Is Everything a Hot Button Topic?
In an age where raunchy comedies starring Seth Rogan and James Franco, female casted reboots of Ghostbusters, and villainous comic book clowns getting origin movies stir up a fuss among the masses; it appears as though everything is a controversy nowadays in regards to film. As it turns out within the last few years, Star Wars has also somehow become a controversial topic in the world of modern cinema. How? Why? I’m not sure. Something about Midi-Chlorians being the one truth in all of Star Wars mythology, Jar Jar Binks isn’t racist anymore, and The Last Jedi supposedly ruined the franchise because… Sure. Why not! All jokes aside (sort of) it appears that with the latest installments of the Star Wars series, there’s been a great divide amongst the fanbase. Seemingly half proclaiming to love and adore all the new possibilities being presented by Disney while the other side loathes it and accuses the new entries of being betrayals for what stood before. Personally, I don’t particularly stand on either side of the argument. At least not concretely, I do see (to an extent) where both sides of the dispute are coming from. With this article, I’d like to take a closer look at what’s going on presently in the Star Wars universe and the people who love/hate it. Meaning that I want to see what the franchise is doing in terms of its content nowadays, how the audiences are reacting to it and why, what direction we seem to be going with its future, and if there’s precedence for such controversy.
When you think of Star Wars, what is the first thought or image that comes to mind?
Lightsabers and X-Wings.
— Mr. Theron
Probably the Revenge of the Sith cover.
— Mr. Dylan
The poster for Return of the Jedi with Luke and Vader back to back.
— Mr. Colton
To Move Forward, Understand the Past.
A quick rundown on my perspective of how I feel about all things Star Wars; I’m a big fan. I love the original trilogy with all my heart and grew up with them in their theatrical and their special edition iterations. The original three are iconic sci-fi fantasies that are full of fun adventures, creative world building, mind blowing special effects, and unforgettable stories filled with classic characters. Darth Vader remains one of cinema’s most recognizable villains, Luke Skywalker carries a terrific character arc from starting as a headstrong and rambunctious kid to a total badass Jedi Master, the twists and turns in story helped change the landscape of film ever since, and they are an epic blast from beginning to end. There is a reason why they have stood the test of time and will continue to do so long after I’m dead to say the least. Out of the original three, Empire Strikes Back is easily my favorite. Yes, I know that’s the obvious choice. I don’t care. Empire is awesome. Nanna nanna, boo boo!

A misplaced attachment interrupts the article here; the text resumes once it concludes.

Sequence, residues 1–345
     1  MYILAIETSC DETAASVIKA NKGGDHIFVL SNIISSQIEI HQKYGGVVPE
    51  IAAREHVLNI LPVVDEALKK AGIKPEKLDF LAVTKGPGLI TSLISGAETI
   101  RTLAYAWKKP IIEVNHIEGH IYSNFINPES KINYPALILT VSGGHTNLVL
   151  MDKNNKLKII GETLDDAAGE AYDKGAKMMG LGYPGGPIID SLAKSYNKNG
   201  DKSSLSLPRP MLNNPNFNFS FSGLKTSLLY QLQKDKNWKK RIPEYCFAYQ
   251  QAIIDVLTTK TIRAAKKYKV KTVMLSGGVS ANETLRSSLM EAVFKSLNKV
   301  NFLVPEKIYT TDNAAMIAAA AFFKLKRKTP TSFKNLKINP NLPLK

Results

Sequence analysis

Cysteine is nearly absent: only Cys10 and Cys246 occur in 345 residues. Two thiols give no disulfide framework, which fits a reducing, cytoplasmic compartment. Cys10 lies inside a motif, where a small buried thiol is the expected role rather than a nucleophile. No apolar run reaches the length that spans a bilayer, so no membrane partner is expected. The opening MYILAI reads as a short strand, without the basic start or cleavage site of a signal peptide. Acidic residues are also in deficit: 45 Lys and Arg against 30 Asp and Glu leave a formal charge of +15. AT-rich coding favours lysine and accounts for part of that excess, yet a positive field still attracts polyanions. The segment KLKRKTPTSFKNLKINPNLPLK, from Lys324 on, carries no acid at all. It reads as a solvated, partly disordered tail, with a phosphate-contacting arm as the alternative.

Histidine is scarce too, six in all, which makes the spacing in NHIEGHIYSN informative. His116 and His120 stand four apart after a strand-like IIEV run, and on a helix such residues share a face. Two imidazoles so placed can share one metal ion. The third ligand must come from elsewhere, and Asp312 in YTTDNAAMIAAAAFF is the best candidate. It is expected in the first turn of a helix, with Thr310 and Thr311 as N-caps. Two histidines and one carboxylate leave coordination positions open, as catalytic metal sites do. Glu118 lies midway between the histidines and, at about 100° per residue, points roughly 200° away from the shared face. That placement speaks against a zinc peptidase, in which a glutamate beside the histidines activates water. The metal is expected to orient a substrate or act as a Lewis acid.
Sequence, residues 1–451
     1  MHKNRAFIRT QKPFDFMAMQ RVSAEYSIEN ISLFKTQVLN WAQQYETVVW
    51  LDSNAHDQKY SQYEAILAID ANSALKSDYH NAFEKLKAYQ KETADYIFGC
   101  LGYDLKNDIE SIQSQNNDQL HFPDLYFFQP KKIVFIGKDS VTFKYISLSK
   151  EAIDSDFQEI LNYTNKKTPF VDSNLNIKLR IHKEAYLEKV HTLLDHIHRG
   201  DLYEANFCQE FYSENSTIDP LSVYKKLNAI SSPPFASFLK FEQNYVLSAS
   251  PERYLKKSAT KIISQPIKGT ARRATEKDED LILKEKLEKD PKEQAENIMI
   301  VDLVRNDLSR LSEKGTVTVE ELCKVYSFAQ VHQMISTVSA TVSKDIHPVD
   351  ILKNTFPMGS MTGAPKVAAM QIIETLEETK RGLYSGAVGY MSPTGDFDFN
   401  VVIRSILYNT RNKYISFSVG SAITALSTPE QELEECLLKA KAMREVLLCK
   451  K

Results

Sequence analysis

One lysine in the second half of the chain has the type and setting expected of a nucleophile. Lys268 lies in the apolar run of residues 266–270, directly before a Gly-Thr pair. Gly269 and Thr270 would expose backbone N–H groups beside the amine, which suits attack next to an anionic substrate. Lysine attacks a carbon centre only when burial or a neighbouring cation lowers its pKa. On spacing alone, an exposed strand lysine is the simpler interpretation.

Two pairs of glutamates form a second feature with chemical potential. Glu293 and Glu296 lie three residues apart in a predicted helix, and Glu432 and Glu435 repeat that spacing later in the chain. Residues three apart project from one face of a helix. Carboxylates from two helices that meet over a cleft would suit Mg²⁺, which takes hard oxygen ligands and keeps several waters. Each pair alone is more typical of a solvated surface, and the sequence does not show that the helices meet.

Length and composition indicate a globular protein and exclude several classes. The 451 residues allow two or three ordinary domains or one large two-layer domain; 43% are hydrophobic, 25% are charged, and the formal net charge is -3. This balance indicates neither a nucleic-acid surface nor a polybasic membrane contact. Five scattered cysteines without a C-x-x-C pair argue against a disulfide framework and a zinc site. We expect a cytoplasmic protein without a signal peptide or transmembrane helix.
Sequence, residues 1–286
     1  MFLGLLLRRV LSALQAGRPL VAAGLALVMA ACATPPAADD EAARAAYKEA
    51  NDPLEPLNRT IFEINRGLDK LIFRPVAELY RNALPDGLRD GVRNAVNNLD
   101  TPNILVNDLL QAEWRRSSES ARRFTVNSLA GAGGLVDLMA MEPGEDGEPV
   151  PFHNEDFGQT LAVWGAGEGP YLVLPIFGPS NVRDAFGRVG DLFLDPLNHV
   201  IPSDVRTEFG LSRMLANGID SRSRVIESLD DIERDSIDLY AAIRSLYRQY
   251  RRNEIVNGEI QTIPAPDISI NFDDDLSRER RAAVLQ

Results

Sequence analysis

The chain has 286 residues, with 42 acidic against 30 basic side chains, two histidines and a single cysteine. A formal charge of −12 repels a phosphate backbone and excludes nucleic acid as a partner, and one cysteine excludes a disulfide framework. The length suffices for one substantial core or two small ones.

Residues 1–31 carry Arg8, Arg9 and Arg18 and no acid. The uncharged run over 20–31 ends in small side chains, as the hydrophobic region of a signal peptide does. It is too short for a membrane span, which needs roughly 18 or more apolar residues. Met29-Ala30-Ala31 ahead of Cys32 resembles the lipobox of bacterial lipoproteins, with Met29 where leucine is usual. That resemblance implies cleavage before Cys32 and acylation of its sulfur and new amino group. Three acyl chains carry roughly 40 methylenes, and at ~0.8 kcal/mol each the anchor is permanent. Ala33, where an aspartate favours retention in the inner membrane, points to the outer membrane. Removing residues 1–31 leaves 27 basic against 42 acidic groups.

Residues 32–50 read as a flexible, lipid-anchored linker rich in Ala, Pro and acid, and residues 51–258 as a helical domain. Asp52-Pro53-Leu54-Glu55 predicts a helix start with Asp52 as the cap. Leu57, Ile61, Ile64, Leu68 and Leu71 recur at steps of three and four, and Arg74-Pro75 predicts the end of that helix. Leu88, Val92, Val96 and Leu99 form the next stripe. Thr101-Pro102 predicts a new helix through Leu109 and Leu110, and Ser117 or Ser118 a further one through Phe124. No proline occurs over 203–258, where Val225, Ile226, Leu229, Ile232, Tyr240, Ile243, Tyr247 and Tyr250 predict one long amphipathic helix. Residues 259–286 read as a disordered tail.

With that said, I also grew up with the prequel trilogy. At the time of childhood I definitely enjoyed them, now in my “adulthood” there are elements that I can still appreciate. For instance; Ewan McGregor as Obi-Wan Kenobi was absolute perfect casting, some of the fight choreographies were well done and thoroughly crafted certainly, the appearances of Darth Maul and Count Dooku were promising villains, a handful of visually interesting worlds, and some of the special effects were excellent. However the counter to all those positives were an abundance of issues pertaining to groan inducing dialog, stilted acting, over reliance of some truly horrendous CGI (even by their respective time’s standards), extremely abhorrent wasted potential in storytelling, comedy that utterly broke the tone of each prequel, and absolutely nothing in the way of character development or even charisma for the majority of screen time presented. They were definitely ambitious, but they lacked the spark and clear focus that the original trilogy so effortlessly maintained.
This latest “sequel trilogy”; Force Awakens, Last Jedi, and Rise of Skywalker, I will admit that I enjoy them even though I have some rather glaring qualms with each installment. They’re relatively fun space adventures that are reminiscent with the spirit of the original trilogy, there are colorful characters that are very likable, and the special effects have made a vast improvement on going somewhat back to basics into practical effects as opposed to strictly digital seen in the prequels. Not to mention, the inclusion of Kylo Ren played by Adam Driver is one of the best and most fleshed out villains to be seen from the entire franchise since Darth Vader. Ren is terrific with through and through an engaging character arc that I was constantly wondering what they would do with him next. That being said, my biggest criticism on all three of these sequels are how unambitiously safe their stories are written. Speaking specifically in terms of narrative; Force Awakens is no more than a retread of A New Hope, Last Jedi is a combination of Empire Strikes Back and Return of the Jedi in disguise, and Rise of Skywalker is admittedly the most original… Until the last act where it turns into Return of the Jedi… Again.